The Wines of Alsace

(gentle piano music)>>(narrator)
Located on France’s
eastern border, Alsace is one of Europe’s
great gastronomic treasures. Its unique local cuisine,
part German and part French, is perfectly complemented
by a rich selection of worldclass
white wines. (gentle piano music)>>(with French accent)
Now, Alsace is a
very narrow region that is sitting
between, on the left, the Vosges Mountains that
give it natural protection from the west weather. And on the right, you have
the Rhine River and Germany. And this narrow
region is actually the smallest wine
region in France.>>(with French accent)
We have over 650 millimeters
rain per year, average. So what it makes–
Alsace vineyards are the driest
in France.>>(with French accent)
That’s the reason we can produce fantastic, long-ripening
grape varieties, like Riesling, Gewürztraminer,
and Pinot Gris, which demand to
ripen slowly. (playful music)>>(narrator)
Alsace has been shaped by centuries of
competing empires, often clashing on
its own borders. The region was
French until 1871. Germany took control
of the region during the
Franco-Prussian War, but it was ceded
back to France at the end of
World War I. Germany occupied Alsace
again at the beginning of the Second
World War, until the Alsatians
rejoined France in 1945.>>(with French accent)
This is the meeting place between the French culture
and the German culture. To explain the
Alsace history, a good example would be
the three last generations. My grandfather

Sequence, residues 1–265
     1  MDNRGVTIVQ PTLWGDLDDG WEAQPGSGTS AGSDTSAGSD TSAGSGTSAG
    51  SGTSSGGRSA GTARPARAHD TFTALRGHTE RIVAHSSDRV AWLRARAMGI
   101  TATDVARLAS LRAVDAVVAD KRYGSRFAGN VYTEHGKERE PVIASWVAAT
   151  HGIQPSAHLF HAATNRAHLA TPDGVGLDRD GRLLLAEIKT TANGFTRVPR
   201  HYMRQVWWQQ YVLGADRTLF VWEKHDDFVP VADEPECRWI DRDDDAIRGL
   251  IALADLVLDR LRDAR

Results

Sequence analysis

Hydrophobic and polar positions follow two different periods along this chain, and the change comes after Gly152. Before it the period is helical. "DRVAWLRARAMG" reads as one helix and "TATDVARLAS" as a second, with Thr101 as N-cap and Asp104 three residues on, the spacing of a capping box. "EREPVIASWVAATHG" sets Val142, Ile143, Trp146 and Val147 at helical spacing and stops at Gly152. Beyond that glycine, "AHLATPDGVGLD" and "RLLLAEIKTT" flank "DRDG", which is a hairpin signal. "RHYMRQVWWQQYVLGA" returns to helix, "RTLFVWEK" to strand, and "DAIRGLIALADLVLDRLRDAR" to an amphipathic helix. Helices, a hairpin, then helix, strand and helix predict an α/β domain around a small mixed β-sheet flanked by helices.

was born Prussian, and he studied
German. He didn’t speak
any French. My father was born just
before the second war, and he studied half French,
and then the war came, and he studied German. Results– he doesn’t speak German
and he doesn’t speak French. He speaks
Alsatian language. My generation–
I studied French, and I speak
fluently French. So three generations,
three languages.>>(with French accent)
The German history that we have here in Alsace
is everywhere, but we’ve been influenced
by France, too.>>(narrator)
This unique blend of German and French cultures has
influenced both winemaking and gastronomy
in the region.>>Alsace has the best of
Germany and the best of France.>>If you talk sausages,
if you talk bacon, if you talk charcuterie. We have some escargot,
we have some onion pie, we have
different things.>>Food is a very
important matter. You never
miss lunchtime. Alsace really somehow
ought to stand for itself, because we know
we go on and on between Germany
and France—- we kind of developed
our own identity of being first
Alsatian. And the gastronomy became
a really big part of that.>>(narrator)
Located in the foothills
of the Vosges range, Alsace is a geologist’s
dream and a mosaic of soil. From one vineyard
to the next, soil varies
dramatically. (playful music)>>We have sandstones,
we have volcanic stones, we have clay, we have